Criminal Justice Internship
CRJU 4800 Internship (12 credit hours)
Catalog DescriptionPrerequisite: permission of instructor or department. Application of academic knowledge in criminal justice setting. Joint supervision by faculty internship coordinator and agency officials. Requires a substantial research paper.
PurposeThe criminal justice internship/practicum program within the Department of Criminal Justice, Social, and Political Science at Armstrong Atlantic State University is designed specifically to enable students to apply classroom knowledge to the work environment and to better prepare them to enter the criminal justice field upon graduation. The internship program exposes students to the qualifications and requirements of various employing agencies, giving those students the experience to meet those requirements. It is intended that students will participate in the work of the internship/practicum agency and, when possible, make significant contributions.
The criminal justice internship supports the second goal of the Armstrong Atlantic State University's mission statement and exemplifies the department's commitment to
"Providing students with intellectual challenges, professional experiences, and extracurricular activities that prepare them for citizenship, leadership, career success, and a lifelong passion for learning . . . " (Armstrong Atlantic State University 2007-2008 Undergraduate Catalog, p. 11, approved by the Board of Regents of the University System of Georgia, April 2005.)
- To afford students the opportunity to correlate theory with practice within the agency setting.
- To develop in students an understanding of current problems within the agency and other components of the criminal justice system (or general public or private sectors related to the criminal justice system).
- To allow the agency an opportunity to benefit from objective inquiries by students into the agency's method of operation.
- To provide students with intensive agency experience and to permit students to become sufficiently involved so that their input is solicited and received.
- To allow students to assume appropriate responsibilities of a regular staff member and be able to function with a minimum of supervision.
- To enhance students' capacity for intellectual inquiry, expository writing skills, and critical analysis.
- To develop students' understanding and/or ability to devise realistic strategies for improving an agency's delivery of services.
- In the achievement of these objectives, students should have the opportunity to assume responsibility for productive tasks within agencies and to observe and identify with the public or private sector professional in his or her various roles in the agency and community.
The goal of AASU's criminal justice program is to produce a professional who is both highly
- Socialization: Interns should identify themselves as part of the agency staff, develop collegial relationships with staff, and become accustomed to the style of the agency (hours, modes of dress, casual conversation, place and style of work). However, interns should not use profanity, regardless of what others are doing, and should not become involved in gossip or work group cliques.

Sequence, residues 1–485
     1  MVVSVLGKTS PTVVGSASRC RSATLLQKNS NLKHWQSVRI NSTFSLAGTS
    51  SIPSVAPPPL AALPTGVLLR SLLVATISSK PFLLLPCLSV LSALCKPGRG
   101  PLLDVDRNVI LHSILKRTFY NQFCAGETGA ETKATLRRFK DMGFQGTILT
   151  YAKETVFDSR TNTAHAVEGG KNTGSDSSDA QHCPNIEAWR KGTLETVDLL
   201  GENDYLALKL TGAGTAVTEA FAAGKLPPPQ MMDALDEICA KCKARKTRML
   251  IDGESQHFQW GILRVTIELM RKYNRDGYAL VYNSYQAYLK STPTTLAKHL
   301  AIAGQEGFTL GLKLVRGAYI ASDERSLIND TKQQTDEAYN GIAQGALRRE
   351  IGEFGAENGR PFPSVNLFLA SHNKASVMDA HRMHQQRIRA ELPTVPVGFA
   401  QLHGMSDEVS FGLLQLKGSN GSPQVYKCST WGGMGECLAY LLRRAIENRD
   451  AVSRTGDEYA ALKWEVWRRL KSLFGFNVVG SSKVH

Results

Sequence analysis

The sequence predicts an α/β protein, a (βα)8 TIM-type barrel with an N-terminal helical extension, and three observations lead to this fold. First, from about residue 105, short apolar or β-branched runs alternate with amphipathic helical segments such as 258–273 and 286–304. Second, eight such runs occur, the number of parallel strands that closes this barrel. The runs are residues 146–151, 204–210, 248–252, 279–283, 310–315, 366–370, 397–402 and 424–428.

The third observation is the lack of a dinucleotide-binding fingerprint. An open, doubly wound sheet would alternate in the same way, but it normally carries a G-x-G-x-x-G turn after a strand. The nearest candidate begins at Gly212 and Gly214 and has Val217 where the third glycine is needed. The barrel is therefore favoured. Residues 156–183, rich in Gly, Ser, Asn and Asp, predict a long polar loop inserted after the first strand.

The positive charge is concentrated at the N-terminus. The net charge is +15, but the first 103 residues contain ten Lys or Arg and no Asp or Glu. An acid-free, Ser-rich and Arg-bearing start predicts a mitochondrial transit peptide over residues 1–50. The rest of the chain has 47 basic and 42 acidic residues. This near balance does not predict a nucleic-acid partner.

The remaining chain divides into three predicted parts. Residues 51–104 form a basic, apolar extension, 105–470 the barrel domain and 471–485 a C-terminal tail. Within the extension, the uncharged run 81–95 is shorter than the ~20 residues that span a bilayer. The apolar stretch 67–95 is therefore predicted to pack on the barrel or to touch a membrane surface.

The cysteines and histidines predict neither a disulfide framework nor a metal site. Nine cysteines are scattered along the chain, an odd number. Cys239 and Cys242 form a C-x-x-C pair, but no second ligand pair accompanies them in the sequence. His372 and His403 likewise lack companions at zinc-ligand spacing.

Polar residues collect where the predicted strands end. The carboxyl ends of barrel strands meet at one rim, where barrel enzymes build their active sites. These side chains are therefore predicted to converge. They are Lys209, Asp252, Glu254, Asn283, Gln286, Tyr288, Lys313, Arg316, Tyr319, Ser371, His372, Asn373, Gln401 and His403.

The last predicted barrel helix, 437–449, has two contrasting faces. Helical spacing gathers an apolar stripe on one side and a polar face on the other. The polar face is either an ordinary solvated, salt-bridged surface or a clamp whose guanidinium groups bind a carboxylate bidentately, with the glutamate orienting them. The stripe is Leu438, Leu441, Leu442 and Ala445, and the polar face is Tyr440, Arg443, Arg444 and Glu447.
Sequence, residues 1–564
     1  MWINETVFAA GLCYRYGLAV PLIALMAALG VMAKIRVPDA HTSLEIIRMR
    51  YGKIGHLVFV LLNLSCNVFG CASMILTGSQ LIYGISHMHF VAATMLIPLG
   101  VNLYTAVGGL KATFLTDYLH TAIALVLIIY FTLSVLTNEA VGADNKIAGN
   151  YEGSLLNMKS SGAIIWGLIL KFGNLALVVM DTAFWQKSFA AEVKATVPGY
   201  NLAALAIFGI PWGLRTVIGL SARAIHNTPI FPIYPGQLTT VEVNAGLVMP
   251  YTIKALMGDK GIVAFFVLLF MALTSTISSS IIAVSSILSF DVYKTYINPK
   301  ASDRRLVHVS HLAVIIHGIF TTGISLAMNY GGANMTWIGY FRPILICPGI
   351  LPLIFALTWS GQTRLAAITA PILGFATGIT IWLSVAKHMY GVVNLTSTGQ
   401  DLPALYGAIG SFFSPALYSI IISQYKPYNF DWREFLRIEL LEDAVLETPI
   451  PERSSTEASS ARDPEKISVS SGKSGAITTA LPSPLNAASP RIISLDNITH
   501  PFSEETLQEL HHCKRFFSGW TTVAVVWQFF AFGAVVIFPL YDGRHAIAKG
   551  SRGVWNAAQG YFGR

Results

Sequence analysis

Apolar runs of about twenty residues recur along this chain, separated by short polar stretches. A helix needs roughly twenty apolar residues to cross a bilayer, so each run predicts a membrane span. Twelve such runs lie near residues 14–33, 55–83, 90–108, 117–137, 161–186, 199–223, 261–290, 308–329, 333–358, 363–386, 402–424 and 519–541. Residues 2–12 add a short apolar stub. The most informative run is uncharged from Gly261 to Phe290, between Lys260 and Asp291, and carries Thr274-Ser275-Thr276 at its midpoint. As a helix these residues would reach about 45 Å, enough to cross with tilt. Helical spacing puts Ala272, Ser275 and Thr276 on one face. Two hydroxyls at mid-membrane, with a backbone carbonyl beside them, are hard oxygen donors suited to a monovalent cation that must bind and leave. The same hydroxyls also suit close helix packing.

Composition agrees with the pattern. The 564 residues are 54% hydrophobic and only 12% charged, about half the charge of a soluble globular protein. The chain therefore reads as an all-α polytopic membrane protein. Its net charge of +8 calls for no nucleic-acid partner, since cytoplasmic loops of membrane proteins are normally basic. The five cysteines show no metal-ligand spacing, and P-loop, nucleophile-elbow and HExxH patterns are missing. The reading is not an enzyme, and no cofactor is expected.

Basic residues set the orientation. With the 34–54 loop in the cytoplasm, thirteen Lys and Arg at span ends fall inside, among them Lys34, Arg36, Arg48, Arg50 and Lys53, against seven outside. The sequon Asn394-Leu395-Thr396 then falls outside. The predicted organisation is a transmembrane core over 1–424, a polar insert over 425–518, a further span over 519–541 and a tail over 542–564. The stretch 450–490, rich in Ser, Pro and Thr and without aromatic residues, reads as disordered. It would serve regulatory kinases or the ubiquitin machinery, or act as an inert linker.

- Knowledge of Services: Interns should be completely familiar with the functions of the field agency, its modes of intake, service limitations, referral, and recording. They should also become familiar with the agency's network of relationships with other agencies.
- Awareness of Role: In agency activities, students should develop a consciousness of purpose, including objectivity toward clients and a comfortable sharing relationship with supervisors. Interns should never become argumentative or disrespectful.
- Values: Interns should be conscious of their values and how values affect ability to function with clients. They should be able to accept challenges to values and, when necessary, use supervisory help to examine the validity of such challenges.
- Skills: Interns should develop and practice those skills which are necessary in dealing with individuals and groups. Such skills include interviewing, listening, speaking, summarizing, and communicating nonverbally. The ability to establish comfortable relationships is vital.
- Advocacy: Interns should be sufficiently aware of agency functions and sufficiently secure as persons to initiate questions and explore alternatives. Reactions to supervision and staff meetings should demonstrate a comfortable, collaborative attitude.
Minimum Requirements of Eligibility
- Criminal justice major for internship; Master of Science (M.S.) in Criminal Justice candidate for practicum.
- For the internship, students should be in their first or second semester of their senior year, with a successful completion of at least 90 semester hours toward graduation. For the practicum, students should have completed 30 semester hours in the graduate program.
For the criminal justice internship, successful completion of the following courses:
Introduction to Criminal Justice
Interpersonal Communication Skills
Ethical Theories and Moral Issues in Criminal Justice
CRJU 2210 Introduction to Law Enforcement
CRJU 2410 Introduction to Corrections
CRJU 3100 Research Methods
CRJU 3300 Criminology
CRJU 3170 Criminal Justice Administration
CRJU 3500 Criminal Evidence and Procedure
CRJU 5300U Juvenile Delinquency
CRJU 5500U Law and Legal Process
- An overall grade point average (GPA) of 2.0 and a 2.5 GPA for all course work in the major (3.0 for graduate students).
- The student shall not have been convicted of a felony.
- If presently under indictment for a felony, the student will postpone the internship placement pending the outcome of the indictment.
If applicable, the student shall have been off academic probation for one full semester prior to the internship placement.
Note: Internships will not be approved for current or previously held jobs.
CreditFor undergraduate internships, 12 semester credit hours require 40 hours per week for 12 weeks in the agency or program, for a total of 480 hours. For the graduate practicum, 6 semester credit hours require a total of 400 hours in the agency or program to be completed within the 15-week semester.
Responsibilities of the Student
- Complete all prerequisites outlined in the program.
- Arrange and appear for a personal interview with the internship coordinator the semester prior to your anticipated internship.
Complete the following forms (2 copies) prior to meeting with the internship coordinator:
- Internship Application (Addendum A)
- Notarized Waiver of Liability (Addendum B)
- Current Resume
- Arrange and appear for a personal interview with the agency program representative.
- Report to the agency dressed and groomed in accordance with agency guidelines (if unsure, check with the internship coordinator or agency representative prior to the scheduled interview).